Photo by Michael Gardiner
Baja fish tacos
It’s a judgment tossed our direction by La La Landers and other unjustifiably snobby sorts: “San Diego food sucks...except for the Mexican food, which is pretty good.”
Damning by faint praise? No, more like backasswards bullshit. It’s our food scene that doesn’t suck and our Mexican food that pretty much does. And much like the San Andreas, it’s all our fault. The Taco Stand (645 B St.) in downtown is Exhibit A.
Take The Taco Stand’s al pastor tacos (please). A descendant of shawarma brought to Mexico by Lebanese immigrants, al pastor (called adobado in Baja) is spit-roasted pork marinated in a combination of dried chiles, achiote, spices and pineapple cooked slowly with gas flame on a vertical rotisserie set-up called a trompo (a “spinning top”). Along the journey from the Middle East, lamb and spices were replaced by pork and indigenous Mexican flavors.
But where al pastor tacos should brim with fatty, savory goodness, The Taco Stand’s version is lean, salty and overly sweet. And where trompos are usually topped with a pineapple—its juice running down and seasoning the meat as it cooks—Taco Stand’s is not. Instead, each taco contains chunks of pineapple that tilt the overall flavor profile dangerously out of balance. Nor does it help when they take that al pastor and put it in a California-sized gut bomb burrito torpedo from hell. The best part of the taco was the still-warm corn tortilla. The burrito didn’t have that going for it.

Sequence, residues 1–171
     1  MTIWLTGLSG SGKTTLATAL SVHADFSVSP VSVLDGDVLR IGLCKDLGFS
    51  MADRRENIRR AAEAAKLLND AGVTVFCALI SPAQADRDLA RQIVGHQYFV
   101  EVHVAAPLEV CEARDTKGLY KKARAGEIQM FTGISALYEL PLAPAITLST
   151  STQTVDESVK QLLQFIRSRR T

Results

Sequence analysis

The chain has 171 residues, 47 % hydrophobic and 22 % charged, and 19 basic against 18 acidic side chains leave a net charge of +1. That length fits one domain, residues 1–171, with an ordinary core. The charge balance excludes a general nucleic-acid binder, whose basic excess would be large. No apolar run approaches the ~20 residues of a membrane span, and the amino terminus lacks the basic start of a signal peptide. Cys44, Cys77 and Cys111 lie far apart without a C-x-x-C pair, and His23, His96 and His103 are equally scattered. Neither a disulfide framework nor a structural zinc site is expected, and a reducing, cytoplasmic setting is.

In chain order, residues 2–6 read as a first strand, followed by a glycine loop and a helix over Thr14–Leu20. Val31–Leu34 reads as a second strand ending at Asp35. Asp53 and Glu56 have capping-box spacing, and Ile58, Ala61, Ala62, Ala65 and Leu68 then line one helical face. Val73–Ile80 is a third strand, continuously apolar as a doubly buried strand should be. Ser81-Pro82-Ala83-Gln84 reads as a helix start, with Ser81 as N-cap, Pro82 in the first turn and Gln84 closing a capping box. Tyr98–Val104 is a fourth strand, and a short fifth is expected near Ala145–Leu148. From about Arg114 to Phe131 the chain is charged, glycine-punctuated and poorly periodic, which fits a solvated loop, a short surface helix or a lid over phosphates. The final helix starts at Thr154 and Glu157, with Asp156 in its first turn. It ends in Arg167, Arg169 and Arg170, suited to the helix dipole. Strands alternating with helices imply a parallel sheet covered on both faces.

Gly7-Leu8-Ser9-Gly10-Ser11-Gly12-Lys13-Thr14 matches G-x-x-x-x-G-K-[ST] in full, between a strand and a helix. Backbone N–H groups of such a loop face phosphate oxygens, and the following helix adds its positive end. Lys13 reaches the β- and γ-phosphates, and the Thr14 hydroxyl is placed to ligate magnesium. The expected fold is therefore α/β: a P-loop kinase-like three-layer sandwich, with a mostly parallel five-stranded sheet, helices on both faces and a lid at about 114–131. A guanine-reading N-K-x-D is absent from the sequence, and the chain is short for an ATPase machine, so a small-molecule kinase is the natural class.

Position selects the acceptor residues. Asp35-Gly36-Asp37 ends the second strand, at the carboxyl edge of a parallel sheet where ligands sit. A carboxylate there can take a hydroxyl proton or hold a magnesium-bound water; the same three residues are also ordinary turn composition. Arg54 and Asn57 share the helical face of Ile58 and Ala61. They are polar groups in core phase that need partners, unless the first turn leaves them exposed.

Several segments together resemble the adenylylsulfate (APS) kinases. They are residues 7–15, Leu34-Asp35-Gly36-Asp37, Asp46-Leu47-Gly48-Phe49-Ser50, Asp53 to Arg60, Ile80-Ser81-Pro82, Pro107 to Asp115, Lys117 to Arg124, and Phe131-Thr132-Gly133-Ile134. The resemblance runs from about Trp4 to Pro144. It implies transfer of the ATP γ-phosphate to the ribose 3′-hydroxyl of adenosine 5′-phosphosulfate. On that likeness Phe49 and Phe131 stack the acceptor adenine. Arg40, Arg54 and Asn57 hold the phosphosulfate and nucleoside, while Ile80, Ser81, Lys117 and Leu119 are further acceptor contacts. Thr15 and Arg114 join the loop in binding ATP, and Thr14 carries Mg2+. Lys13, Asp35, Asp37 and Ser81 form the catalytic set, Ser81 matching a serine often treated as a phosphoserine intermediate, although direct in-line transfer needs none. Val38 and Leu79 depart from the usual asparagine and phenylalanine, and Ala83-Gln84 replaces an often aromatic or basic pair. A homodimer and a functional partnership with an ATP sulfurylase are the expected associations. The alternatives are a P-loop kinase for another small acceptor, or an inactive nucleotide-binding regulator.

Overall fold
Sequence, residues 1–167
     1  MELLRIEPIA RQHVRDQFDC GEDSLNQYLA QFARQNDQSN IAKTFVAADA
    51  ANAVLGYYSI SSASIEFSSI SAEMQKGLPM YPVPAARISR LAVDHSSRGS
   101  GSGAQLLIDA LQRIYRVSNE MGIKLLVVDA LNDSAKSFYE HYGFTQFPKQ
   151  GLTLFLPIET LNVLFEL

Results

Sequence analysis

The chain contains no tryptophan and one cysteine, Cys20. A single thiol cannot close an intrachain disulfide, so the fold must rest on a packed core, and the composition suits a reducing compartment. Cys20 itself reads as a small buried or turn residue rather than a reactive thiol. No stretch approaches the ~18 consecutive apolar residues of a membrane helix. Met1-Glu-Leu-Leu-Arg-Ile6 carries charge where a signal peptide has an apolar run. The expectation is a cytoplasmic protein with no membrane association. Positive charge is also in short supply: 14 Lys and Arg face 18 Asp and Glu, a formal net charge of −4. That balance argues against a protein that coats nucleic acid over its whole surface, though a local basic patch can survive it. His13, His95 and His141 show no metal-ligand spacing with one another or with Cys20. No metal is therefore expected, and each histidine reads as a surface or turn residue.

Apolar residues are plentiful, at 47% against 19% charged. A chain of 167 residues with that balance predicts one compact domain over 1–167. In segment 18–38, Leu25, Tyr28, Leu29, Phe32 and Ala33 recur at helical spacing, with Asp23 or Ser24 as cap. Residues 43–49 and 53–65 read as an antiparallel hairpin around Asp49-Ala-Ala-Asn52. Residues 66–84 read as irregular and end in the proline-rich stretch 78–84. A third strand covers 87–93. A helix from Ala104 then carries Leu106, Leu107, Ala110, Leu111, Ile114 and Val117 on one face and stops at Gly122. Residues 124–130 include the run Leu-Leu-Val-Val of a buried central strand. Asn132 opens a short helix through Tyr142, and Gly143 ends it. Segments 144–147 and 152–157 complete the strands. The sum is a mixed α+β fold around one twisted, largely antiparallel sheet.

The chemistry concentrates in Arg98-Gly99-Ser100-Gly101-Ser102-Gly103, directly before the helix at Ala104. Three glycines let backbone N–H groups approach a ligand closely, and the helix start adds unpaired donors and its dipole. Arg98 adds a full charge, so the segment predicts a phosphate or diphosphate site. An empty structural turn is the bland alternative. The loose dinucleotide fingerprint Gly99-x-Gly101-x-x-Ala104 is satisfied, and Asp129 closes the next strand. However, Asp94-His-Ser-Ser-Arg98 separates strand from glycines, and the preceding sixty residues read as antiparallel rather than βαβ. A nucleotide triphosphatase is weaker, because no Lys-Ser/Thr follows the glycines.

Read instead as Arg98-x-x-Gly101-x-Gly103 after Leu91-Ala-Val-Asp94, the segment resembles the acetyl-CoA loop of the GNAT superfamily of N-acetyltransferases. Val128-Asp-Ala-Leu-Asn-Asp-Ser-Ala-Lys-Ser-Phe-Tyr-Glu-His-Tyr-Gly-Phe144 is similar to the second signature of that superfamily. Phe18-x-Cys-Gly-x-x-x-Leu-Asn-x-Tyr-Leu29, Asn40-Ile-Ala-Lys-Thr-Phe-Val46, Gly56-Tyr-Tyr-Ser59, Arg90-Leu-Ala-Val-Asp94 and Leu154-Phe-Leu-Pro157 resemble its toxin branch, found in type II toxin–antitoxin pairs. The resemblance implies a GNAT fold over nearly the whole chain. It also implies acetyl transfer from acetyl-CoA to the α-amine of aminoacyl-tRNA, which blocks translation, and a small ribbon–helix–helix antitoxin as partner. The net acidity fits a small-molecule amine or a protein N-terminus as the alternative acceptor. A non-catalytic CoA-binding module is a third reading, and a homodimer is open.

The nopal (cactus paddle) taco—for which The Taco Stand has gained some notoriety—was not much better. Flavorless, if not fatless, it’s the kind of “vegetarian option” that gives vegetarian food a bad name. While they’re described as “flame grilled” there was no sense of the grill’s kiss in the bits of nopal. I didn’t ask, “where’s the meat?” I asked, “where’s the flavor?” The nopal chunks seemed more designed for novelty value than culinary focus.
The best taco at The Taco Stand was the Baja fish taco. The battered fish was flavorful, both the well-seasoned batter and the fish itself. The creamy chipotle sauce gave the taco a hint of smoke, a suggestion of heat and a creamy coolness that pulled together the fish, on the one hand, and the vegetables on the other. I’d go back for that.
The Taco Stand markets itself as “inspired by the taco stands of Tijuana” and the Baja Peninsula. That inspiration is not clear on the plate. The Taco Stand’s food is a creature of California—alta California, not Baja. That is evident where The Taco Stand’s food works as in the Baja fish taco, which is, in many ways, more San Diego than Tijuana (or San Felipe). And it shows where the food doesn’t work as well, as in fat traded for salt and sweet and that thing called a burrito that could be used by Donald Trump’s INS as artillery shells to keep San Diegans from finding out what real Mexican food tastes like.
Ultimately, there is nothing wrong with The Taco Stand’s food that is not what we in California have asked for. The problem isn’t them, it’s us.